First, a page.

Google to Block Insecure Third-Party Tracking Codes in Chrome
Learn how to prepare for the latest Google update.
You may have heard a lot about third-party tracking and cookies lately. Unfortunately, this news does not have to do with party hats, cake, and delicious chocolate morsels. It has to do with how Google Chrome will treat scripts from third-party vendors trying to track users across the web. Google announced its plans to block insecure third-party tracking codes in Google Chrome beginning in 2023. In this guide, you’ll learn what third-party cookies are, the consequences of Google blocking them in Google Chrome, and what your brand should do to prepare for the change.
What are third-party cookies?
Before we define what a third-party cookie is, let’s take a look at a first-party cookie.
A first-party cookie is a bit of information created by a website you visit that is stored on your computer. The data is owned and collected by the publisher of the website. For example, a website may have the capability to show multiple languages, and it learns that you prefer English. It adds a cookie with that information in your browser, so the site appears in English the next time you visit the site.
A third-party cookie is a snippet of data placed and collected on a website by someone other than the site owner. A common example is code from retargeting ads. You might be searching for a new pair of shoes across various websites. You don’t know which pair of shoes to buy, so to kill some time, you navigate to your favorite news site. To your surprise, you notice the exact pair of shoes you were just looking at in the advertising column side on the news site. The news site containing the ad used third-party cookies from the other shoe-selling websites to serve you an ad for shoes you have looked at in hopes that you might purchase them.
What changes is Google making to third-party tracking codes and why?
According to Search Engine Journal, with Google Chrome 84, Google will restrict third-party cookies that are served via the HTTP protocol and cookies that do not have a proper SameSite attribute. To ensure a third-party cookie will work, a specific attribute needs to be added to the cookie’s code:
| SameSite=None; Secure
Google has two main reasons for this change. First, users are demanding greater privacy across the internet. Second, Google wants to ensure publishers’ sites are more secure. As Google explains:
“One of the cultural properties of the web is that it’s tended to be open by default. This is part of what has made it possible for so many people to create their own content and apps there.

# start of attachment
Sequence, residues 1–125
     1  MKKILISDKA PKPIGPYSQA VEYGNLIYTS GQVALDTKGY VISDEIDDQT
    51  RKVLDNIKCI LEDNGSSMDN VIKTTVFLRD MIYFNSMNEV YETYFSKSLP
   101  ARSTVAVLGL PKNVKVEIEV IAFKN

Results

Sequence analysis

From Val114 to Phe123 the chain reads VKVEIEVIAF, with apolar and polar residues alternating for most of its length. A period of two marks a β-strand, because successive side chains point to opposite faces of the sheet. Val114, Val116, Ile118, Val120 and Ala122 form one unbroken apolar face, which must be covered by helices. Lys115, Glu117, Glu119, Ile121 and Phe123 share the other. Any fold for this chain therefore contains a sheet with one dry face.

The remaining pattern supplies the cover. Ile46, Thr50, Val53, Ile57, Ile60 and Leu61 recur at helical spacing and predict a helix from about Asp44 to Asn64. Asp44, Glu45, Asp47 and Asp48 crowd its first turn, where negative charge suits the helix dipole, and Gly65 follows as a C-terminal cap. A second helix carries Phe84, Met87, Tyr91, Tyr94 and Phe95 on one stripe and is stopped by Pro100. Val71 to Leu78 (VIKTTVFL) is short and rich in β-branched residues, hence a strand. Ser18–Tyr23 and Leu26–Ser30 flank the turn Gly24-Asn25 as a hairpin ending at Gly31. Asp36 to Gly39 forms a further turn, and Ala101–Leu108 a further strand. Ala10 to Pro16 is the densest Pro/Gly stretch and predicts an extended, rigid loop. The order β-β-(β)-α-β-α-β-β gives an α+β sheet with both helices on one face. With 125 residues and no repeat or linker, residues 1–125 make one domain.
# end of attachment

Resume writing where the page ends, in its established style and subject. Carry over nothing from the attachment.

However, this has also brought a number of security and privacy concerns.
Cross-site request forgery (CSRF) attacks rely on the fact that cookies are attached to any request to a given origin, no matter who initiates the request.
For example, if you visit evil.example then it can trigger requests to your-blog.example, and your browser will happily attach the associated cookies.
If your blog isn’t careful with how it validates those requests then evil.example could trigger actions like deleting posts or adding their own content.”
Cookie restrictions are something advertisers have been dealing with for years. While this is new for Google, other popular web browsers like Mozilla Firefox and Apple’s Safari have been blocking third-party tracking since 2013.
What does this mean for SEO and why should you care?
Fortunately, Google’s privacy shift won’t affect much in terms of organic search presence. The only change that digital marketers may see lies within the Demographics data in Google Analytics.
The data for these charts comes from a subset of users who are signed in to Google where age and gender can be collected. In addition, Google uses third-party DoubleClick data it gathers about a user. Because the DoubleClick data is third-party, there’s a possibility that this data will be impacted, but likely not a lot. We anticipate that digital marketers will still have the ability to gather demographic data — it just may be based on a smaller data set.
What can you do today to prepare your brand for the change?
We here at GPO are all about action, and we want to enable you to take action when Google makes a change like this.
- If your organization builds third-party tracking codes, move them to HTTPS.
- If you are a vendor that uses tracking cookies, make sure to properly set the SameSite attribute to ensure cookies continue to work as usual. As a note, if you are having issues with third-party tracking codes, we recommend using Chrome 84 and Chrome Dev Tools to find the cookies that aren’t working and why.
- Ensure you monitor demographic data in Google Analytics and note any changes after Google starts blocking insecure third-party cookies.
- Research contextual advertising to mitigate any changes resulting from the lack of ability to target users using third-party cookies.
- Invest in search engine optimization! Search optimized sites show up in organic search results and reach users when they are looking for a product — without the need for third-party cookie information.
Whether it’s third-party cookie blocking information or a new algorithm update, your SEO strategy requires constant pivoting. There’s no better time than now to get a team of best-in-class search-optimized content experts in your corner! Reach out to GPO to talk about how to create (and maintain) your search-optimized content.